No one said that the journey towards losing weight was going to be easy but it certainly isn’t impossible. Now that you have a few tips, stay motivated, train hard and eat right – starting now! You will definitely be thanking yourself later.








When and How to Tone and Build Muscles

By: Wilna Eksteen



This is something every male will attempt, and more than once in his lifetime. Unfortunately, muscle building and toning are (like most things in life) influenced by your genes, age, gender, eating habits and exercise. Not all teenage boys will wake up on their 15th birthday with a full beard and start shaving, some will start earlier. Some will take years to grow a beard that runs from ear to ear and some will have to shave twice a day to keep everything under control. The same principle applies to muscle building and toning.


Not everyone builds muscles in the same way. If you understand that your body determines how you build and tone muscles, you can start doing the right types of exercises, taking part in the right sports and identifying which physical activities will be easiest for you.

Type 1

Type 1 fibres are also known as slow twitch fibres. They are red in colour due to the presence of large volumes of myoglobin and oxygen as well as high numbers of mitochondria. They are very resistant to fatigue and are capable of producing repeated low-level contractions.

Athletes such as marathon runners have a high number of this type of fibre, partly through genetics and partly through training1.

Type 2A

Type 2A fibres are also known as fast oxidative fibres and are a cross of type I and II fibres. They are more prone to fatigue than type I fibres. Resistance training can turn type 2B fibres into type 2A fibres by increasing the ability to utilise the oxidative cycle1.

Type 2B   

Also known as fast glycolytic fibres, these are white in colour due to a low level of myoglobin and few mitochondria. This results in short, fast bursts of power and rapid fatigue. This type of fibre can be turned into type 2A fibres, through resistance training. This is a positive change because of the increased fatigue resistance of type 2A fibres. These fibres are found in large quantities in the arm muscles1.

It is a lot harder for someone with majority type 1 muscle fibre to build bulking muscles, than it is for someone with majority type 2B fibres. It is quite easy to identify the type of muscle fibres you have. If you are lean, naturally a bit skinny and have never been the fastest person around, you most likely have type 1 muscle fibres.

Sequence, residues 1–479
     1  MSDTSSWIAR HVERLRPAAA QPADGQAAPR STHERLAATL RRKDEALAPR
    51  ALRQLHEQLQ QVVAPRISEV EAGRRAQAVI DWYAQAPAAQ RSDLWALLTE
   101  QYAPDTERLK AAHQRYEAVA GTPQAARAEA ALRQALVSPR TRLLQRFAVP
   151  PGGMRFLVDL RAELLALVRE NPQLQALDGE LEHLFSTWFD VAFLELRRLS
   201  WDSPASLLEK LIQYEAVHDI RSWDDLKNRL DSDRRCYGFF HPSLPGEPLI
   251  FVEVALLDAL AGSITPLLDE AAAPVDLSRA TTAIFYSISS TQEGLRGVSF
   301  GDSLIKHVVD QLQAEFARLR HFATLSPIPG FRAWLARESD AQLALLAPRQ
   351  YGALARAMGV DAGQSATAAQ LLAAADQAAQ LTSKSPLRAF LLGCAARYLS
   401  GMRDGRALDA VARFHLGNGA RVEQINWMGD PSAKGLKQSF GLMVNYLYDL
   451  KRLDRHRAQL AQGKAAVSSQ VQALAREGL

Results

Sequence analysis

This will help you when you exercise. If you have type 1 muscle fibres, it takes you a lot longer to condition your muscles into being ‘bulky’ than if you have type 2B muscle fibres.



During your teen years, your body wants to grow. You’re churning out hormones that are specially designed to help you get bigger. Right now you may be able to take in a huge amount of food and use it to build a strong body.  But growing will not stop here – especially for guys.

  • There is no shortcut to growing.
  • You will not look like the guy next to you, everybody is different.
  • Start slowly. Your muscles are growing but forcing them will just cause injuries.
  • Genetics does play a role.
  • Do not overdo protein.
  • Sleep! Your body produces growth hormones while you sleep.
  • Get advice on your specific body type.


You are not supposed to look in proportion when you are going through puberty. Your body grows at different rates, in different places and this is completely normal. The same principle applies to your muscles, they will grow bigger as soon as your body can afford to use energy for it.



  1. Listen to your body.
  2. Speak to your parents about when they went through growth spurts. This can give you an idea of when you might start growing taller or building muscles more easily.
  3. If you work against your body, you will cause more damage than good and it will take you a lot longer to see any results.
  4. Do not compare yourself with other girls or boys.
  5. Eat a healthy, balanced diet that consists of a variety of foods. The body you have now still needs to go through a lot, look after it.
  6. Muscle building and toning is very dangerous if you start too early.